About 120 miles east of Albuquerque, on the eastern edge of the town of Santa Rosa, N.M., lies a tiny oval of blue water – a spring-fed sinkhole about 80 feet wide and 81 feet deep – known as the Blue Hole.
Sometime ago a group of scuba divers dove into the Blue Hole, eager to explore every nook and fissure of the smooth-walled sinkhole. After climbing out, they realized one of their divers had disappeared.
Six months later, the body of that diver finally surfaced, but not in Santa Rosa. It was discovered, the story claims, in Lake Michigan – more than a thousand miles away – naked, waterlogged and with much of its skin scuffed off, as if it had been pushed and scraped through miles of rocky tunnels.
If the story is true, one of the longest underground waterways in the world could lie directly beneath us. Perhaps the direct water route across the continent searched for by the explorers Lewis and Clark actually exists – underground. Andrea Sachs, in a Dec. 19, 2004, Washington Post article, wrote that there is a protective metal grate covering a spring that produces about 3,000 gallons of fresh water per minute on the Blue Hole’s limestone floor. And, she wrote, that grate also seals off an elaborate network of caves that twists southward 200 miles, down to Texas.
“I don’t think anyone knows just how extensive that system is,” said Si Minton, owner of New Mexico Scuba Center. “No one has ever explored the total cave system below Blue Hole.”
“The only maps (of the cave network) are apparently sketches made by rescue divers. There are reportedly some rooms below the sink, and it goes to 250 feet with a going passage beyond,” said Mike Poucher, cartographer for the National Speleological Society Cave Diving Section. “How far does it go? No one knows.”
Poucher said the grate blocking the cave system was installed in the early 1980s, after at least four divers died in the caves during the previous decade.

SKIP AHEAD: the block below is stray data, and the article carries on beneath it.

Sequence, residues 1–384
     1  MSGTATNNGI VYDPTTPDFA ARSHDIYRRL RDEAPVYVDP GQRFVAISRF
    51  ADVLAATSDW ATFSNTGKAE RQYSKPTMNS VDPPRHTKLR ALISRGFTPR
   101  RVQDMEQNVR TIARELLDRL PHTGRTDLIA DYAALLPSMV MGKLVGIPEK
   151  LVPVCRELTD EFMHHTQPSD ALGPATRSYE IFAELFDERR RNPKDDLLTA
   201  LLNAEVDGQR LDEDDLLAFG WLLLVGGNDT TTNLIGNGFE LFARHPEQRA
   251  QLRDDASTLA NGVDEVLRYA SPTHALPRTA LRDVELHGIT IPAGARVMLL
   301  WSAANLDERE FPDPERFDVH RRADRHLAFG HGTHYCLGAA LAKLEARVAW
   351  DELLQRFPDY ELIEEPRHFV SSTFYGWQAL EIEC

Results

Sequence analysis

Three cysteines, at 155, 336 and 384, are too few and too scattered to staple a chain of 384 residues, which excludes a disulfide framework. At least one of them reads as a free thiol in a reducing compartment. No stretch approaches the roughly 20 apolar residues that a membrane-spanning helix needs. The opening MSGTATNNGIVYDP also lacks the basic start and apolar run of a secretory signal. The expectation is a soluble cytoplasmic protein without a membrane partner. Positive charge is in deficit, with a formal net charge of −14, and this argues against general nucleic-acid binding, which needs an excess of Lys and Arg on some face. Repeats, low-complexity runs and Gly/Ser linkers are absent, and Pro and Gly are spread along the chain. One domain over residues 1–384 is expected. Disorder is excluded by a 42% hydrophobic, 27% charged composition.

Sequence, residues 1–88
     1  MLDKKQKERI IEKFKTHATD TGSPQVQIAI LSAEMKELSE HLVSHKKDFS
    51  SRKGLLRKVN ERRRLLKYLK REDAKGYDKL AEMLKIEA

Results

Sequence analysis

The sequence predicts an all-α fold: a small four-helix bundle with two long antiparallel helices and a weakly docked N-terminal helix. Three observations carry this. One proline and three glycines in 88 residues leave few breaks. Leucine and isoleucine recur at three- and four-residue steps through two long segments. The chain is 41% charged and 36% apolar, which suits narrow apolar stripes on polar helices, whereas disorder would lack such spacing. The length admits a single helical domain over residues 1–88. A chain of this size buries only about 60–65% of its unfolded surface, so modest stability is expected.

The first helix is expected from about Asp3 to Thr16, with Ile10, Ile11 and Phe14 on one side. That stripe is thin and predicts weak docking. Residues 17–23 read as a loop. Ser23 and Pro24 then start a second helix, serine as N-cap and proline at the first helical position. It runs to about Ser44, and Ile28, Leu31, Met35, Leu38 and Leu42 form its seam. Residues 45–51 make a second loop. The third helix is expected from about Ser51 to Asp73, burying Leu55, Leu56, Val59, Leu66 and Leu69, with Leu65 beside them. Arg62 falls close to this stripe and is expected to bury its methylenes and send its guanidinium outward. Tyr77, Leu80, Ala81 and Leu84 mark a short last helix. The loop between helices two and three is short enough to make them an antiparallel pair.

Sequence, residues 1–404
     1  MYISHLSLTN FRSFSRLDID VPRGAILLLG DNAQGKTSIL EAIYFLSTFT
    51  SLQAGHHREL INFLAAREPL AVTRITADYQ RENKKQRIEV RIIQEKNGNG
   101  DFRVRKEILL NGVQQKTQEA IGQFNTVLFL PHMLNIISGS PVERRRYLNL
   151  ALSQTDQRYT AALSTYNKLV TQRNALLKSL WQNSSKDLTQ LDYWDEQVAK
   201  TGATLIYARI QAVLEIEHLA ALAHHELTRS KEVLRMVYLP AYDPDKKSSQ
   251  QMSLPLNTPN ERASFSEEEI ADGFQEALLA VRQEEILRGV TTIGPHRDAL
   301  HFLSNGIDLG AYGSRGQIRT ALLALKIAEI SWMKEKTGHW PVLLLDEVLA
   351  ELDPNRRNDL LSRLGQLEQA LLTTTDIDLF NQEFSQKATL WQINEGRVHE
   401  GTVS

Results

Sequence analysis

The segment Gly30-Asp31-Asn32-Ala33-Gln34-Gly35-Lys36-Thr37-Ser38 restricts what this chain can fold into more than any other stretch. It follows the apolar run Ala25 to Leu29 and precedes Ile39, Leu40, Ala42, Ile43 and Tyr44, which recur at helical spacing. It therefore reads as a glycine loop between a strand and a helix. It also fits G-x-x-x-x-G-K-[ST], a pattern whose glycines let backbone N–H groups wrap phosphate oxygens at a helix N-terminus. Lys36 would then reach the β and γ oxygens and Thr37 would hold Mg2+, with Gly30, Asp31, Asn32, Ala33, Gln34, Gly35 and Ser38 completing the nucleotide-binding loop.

In March of 1976, the Albuquerque Journal reported two of these deaths, detailing how a group of 10 university students were diving in the Blue Hole one morning, how 21-year-old David Gregg and 22-year-old Mike Godard failed to resurface, and how it took the State Police multiple dives to recover their bodies. In 1979, two other divers got lost and died in the caves. Their bodies were recovered as well.
That the bodies of all who drowned in the Blue Hole’s caves were quickly accounted for suggests that the Lake Michigan story really is only rumor, as does the area’s geology.
The odds of there being a hydrologic connection to the Great Lakes from New Mexico are about as remote as finding a wormhole to transport you there across time and space,” said scientist Mike Spilde, UNM’s resident cave-geology expert.
“In other words, it just doesn’t exist. First, it would require a continuous rock stratum capable of supporting caves to be present all the way from New Mexico to the Great Lakes, which there isn’t. More importantly, the body would have to get past the huge hydrologic barrier of the Mississippi River. The river acts as a giant collection system, moving not only surface water to the ocean, but a lot of subsurface water, too. The body would have to swim upstream to get to the Great Lakes,” he said.
So, perhaps the story isn’t so strange after all.
However, in 1976 and 1979, as the young divers swam their ways silently through dark caves deep beneath the New Mexico desert, feeling the walls for a way back out, the truth of the story was probably strange to them. As they lost their way, their headlamps dimmed and died, their air supplies seeped away in panicked moments, and they swam from this life into the wide unknown that follows. The events of their mornings could not have felt entirely normal.